Last week we had National’s budget and Labour’s conference. A chance for both parties to set out their ideas for the future.
National of course, had the bigger opportunity. They get to turn policy in to action. The budget was the perfect showcase for their ideas and their response to New Zealand’s ongoing economic woes. Unfortunately the showcase was empty. National have no ideas, except to further contract the economy with cut after cut after cut. Among the responses, John Armstrong:
John Key and his National Party colleagues may well take a hit in the polls after the mediocre Budget. The document has had a chilly reception. Few are shouting its merits from the rooftops. … The Budget has displayed a degree of cynicism one would expect from a Government in its third term, not its first.
It is based on heroic assumptions of a strong economic economy, high wage growth and and nothing going wrong. … Overall, the Budget rates a 6 out of 10. Its savings targets feel more like wishful thinking than realism and the Government has left the really hard decisions to the public sector itself.
Is it bold? No. Does it really address the record $16.7 billion deficit? It is a start – tinkering.
While Deficit Phobia provides the rationale for the austerity and privatisation measures contained in this year’s Budget, the government’s stance is a curiously passive one, overall. The largely self-inflicted problems with the revenue base are being treated as essentially self correcting. … Note the complete lack of active policies of structural change…
An anonymous Herald editorial:
A good Budget gives the country a sense that the Government has a firm hand on the tiller and can see where it is going. This Budget does neither.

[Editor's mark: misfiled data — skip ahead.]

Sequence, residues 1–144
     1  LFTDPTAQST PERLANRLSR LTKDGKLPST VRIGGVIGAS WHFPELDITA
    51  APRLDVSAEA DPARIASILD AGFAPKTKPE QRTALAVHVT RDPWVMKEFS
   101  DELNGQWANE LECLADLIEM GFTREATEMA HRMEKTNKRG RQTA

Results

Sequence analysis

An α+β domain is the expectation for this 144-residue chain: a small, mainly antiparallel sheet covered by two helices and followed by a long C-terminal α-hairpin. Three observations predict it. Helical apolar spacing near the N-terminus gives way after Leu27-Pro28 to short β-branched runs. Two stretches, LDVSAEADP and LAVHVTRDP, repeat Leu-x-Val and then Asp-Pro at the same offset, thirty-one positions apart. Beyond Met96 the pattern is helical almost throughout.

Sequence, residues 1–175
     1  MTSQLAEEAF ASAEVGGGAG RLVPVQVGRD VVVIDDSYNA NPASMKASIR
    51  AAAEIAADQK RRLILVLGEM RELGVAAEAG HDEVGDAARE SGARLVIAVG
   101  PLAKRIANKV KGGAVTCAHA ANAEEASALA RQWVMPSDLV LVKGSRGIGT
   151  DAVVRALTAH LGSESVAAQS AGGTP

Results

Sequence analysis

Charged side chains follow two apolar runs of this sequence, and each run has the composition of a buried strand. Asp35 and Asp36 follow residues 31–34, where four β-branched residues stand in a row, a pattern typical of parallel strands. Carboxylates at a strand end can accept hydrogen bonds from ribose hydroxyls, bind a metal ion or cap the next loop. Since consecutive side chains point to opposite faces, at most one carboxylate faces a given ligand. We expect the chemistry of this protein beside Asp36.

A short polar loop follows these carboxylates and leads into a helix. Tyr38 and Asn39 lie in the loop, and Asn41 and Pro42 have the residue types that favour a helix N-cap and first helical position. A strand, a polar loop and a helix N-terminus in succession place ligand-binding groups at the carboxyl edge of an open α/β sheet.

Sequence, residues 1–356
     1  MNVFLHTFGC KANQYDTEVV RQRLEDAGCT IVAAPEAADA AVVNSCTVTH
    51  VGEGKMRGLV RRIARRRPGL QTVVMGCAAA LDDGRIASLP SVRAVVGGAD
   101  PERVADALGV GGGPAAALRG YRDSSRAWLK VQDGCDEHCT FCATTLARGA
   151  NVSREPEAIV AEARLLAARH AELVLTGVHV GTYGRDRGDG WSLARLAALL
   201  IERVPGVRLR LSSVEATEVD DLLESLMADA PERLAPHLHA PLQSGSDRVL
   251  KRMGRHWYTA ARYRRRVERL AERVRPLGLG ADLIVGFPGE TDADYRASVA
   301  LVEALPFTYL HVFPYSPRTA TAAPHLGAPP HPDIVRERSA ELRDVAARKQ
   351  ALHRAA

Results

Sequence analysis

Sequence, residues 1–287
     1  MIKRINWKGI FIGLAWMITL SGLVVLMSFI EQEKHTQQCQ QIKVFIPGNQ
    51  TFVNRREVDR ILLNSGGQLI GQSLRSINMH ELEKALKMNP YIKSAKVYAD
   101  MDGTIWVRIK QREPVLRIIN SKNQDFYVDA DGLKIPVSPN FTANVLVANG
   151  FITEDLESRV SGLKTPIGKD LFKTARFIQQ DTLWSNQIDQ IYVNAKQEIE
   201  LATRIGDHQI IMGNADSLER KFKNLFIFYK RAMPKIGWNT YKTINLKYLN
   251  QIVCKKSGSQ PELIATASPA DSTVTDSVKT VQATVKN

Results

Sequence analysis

A Sunday Star Times editorial (not on line):
The Budget was grey, like so much else about John Key’s government. It is neither slash-and-burn nor borrow-and-hope, but a weird sort of wasteland in between.
Bernard Hickey last Sunday set out in detail five reasons why Treasury’s “heroic” growth forecasts are not believable. Other skeptical analysis continued this week, focusing on flawed forecasts and “outlandish” figures, and Key’s KiwiSaver lies. Fair to say in summary I think that the budget has gone down like the proverbial lead balloon.
Ok then, how about Labour? They’re playing the standard opposition hand. Political junkies call for them to release their policy, but no opposition does so until close to the election, when the general public start paying attention. So the policy released this weekend at their “buoyant” conference can only be a hint of things to come. There’s a good summary in Vernon Small’s piece, “Labour rolls up its sleeves on economy”.
Naturally some commentators demanded more, such as this anonymous editorial. In a depressing display of ignorance the writer completely fails to understand, and openly mocks, the idea of a government stimulating public research and development — which was of course Labour’s main conference policy release. (It’s a hopelessly muddled piece in other ways too, calling on the government to “pick winners more carefully” while also lamenting that “Neither scientists nor public officials are well placed to predict what may come of research and development of any kind”.) Compare with Ben Clark’s excellent piece here yesterday on the importance of R&D.
Interestingly enough, John Key tried the same tactic of mocking the R&D policy. But while such buffoonery may seem to work in Parliament, with a gibbering chorous on the benches behind him, it turns out that it didn’t play so well in the real world:
Mr Key got into dangerous territory when he started mocking Labour’s proposed research and development tax credit.
Employers like the tax credit idea and not many at the Upper Hutt luncheon were laughing when Mr Key joked that they would abuse the credit by somehow engineering a trip to Fiji.
Well, it’s pretty obvious to me who has the ideas. Labour, and the Greens. It was thus in 2008 and it remains thus today. It will become more and more obvious as Labour rolls out policy in the lead up to the election. Those without ideas of their own can only taunt and mock like schoolboys. Grow up. Mockery isn’t leadership. Mockery won’t solve our problems.